Monday, April 09, 2007


I admit I watched PBS this evening and also admit the program on the destructive cult created by the tormented soul of a poor child from Indiana was pretty good. What surprises and impresses me is the way PBS accurately portrays the way the initial yearning to create the greater good decays into the need to control. Throughout history, nothing quite says earthly influence better than lots of dead followers scattered around the leader's corpse.

Jim Jones: "He preached a 'social gospel' of human freedom, equality, and love, which required helping the least and the lowliest of society's members. Later on, however, this gospel became explicitly socialistic, or communistic in Jones' own view, and the hypocrisy of white Christianity was ridiculed while 'apostolic socialism' was preached."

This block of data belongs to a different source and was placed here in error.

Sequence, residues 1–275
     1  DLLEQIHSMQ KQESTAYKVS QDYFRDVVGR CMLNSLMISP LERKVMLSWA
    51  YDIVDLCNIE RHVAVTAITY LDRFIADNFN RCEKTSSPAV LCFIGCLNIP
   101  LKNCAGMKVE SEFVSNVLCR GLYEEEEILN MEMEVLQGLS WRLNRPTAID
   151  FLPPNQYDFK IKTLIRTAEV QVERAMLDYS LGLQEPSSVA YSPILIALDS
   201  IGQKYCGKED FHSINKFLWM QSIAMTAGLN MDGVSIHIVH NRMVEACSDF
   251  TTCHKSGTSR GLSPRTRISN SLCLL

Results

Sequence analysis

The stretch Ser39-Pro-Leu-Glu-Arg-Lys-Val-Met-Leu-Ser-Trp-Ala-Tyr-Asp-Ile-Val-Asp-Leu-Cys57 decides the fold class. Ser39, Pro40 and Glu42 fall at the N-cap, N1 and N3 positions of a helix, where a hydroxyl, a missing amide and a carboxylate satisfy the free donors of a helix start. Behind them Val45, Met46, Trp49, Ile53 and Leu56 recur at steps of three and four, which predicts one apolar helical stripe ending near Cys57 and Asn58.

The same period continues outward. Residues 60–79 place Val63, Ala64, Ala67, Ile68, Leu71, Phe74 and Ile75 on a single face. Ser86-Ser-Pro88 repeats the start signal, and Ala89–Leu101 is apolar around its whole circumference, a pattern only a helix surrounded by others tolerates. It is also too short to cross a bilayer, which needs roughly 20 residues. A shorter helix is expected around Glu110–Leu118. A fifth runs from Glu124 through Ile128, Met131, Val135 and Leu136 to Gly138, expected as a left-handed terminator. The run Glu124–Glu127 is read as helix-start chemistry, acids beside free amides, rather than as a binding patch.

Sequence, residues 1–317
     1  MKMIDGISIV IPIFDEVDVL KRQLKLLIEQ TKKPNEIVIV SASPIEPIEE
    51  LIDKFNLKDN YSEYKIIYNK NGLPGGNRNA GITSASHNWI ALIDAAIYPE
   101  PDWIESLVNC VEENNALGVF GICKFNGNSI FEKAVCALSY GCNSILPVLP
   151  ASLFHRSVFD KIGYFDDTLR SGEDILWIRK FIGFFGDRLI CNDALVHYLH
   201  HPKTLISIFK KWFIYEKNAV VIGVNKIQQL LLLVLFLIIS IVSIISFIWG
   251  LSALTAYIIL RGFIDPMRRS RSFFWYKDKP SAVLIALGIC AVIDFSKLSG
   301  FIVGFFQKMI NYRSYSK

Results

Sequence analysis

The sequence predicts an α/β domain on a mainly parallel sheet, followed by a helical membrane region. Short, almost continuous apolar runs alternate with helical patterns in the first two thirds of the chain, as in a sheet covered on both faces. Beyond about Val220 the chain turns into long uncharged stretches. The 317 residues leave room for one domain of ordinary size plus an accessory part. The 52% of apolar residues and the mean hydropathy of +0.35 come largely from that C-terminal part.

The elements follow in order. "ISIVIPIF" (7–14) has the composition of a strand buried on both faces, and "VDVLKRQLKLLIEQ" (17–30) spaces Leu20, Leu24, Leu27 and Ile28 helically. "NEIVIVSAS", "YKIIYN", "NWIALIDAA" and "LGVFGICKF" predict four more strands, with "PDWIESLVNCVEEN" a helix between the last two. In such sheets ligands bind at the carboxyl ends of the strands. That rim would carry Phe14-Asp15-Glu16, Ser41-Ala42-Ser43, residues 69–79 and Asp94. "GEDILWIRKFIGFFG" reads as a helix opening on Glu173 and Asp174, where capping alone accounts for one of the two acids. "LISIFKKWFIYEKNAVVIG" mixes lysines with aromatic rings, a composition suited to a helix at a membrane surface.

PBS American Experience: "I did allow Jones to think for me because I figured that he had the better plan," says former Peoples Temple member Hue Fortson, whose wife and infant son were among the more than 900 who died in Guyana after drinking cyanide-laced fruit punch. "I gave my rights up to him. As many others did."

Word to the wise – don’t give up your rights to people who declare they have a plan for a better world in which your individual rights are secondary to their greater good.